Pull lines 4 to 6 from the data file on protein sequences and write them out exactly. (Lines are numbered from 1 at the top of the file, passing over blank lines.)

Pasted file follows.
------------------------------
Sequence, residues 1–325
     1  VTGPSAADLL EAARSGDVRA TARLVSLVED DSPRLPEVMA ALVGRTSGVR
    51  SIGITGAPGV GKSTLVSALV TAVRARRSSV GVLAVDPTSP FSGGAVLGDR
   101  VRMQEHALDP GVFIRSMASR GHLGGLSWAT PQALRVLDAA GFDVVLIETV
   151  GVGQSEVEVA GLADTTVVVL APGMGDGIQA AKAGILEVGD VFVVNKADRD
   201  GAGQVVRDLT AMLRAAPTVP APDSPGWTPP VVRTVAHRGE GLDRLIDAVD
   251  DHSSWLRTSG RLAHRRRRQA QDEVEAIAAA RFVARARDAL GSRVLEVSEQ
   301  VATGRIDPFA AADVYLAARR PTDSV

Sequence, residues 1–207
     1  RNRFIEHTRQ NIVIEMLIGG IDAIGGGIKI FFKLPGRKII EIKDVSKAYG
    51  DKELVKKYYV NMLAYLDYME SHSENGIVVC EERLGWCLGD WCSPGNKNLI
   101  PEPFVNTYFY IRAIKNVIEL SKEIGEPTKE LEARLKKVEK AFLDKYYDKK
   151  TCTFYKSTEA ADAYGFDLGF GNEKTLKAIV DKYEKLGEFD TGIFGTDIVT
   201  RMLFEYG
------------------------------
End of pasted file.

   101  VRMQEHALDP GVFIRSMASR GHLGGLSWAT PQALRVLDAA GFDVVLIETV
   151  GVGQSEVEVA GLADTTVVVL APGMGDGIQA AKAGILEVGD VFVVNKADRD
   201  GAGQVVRDLT AMLRAAPTVP APDSPGWTPP VVRTVAHRGE GLDRLIDAVD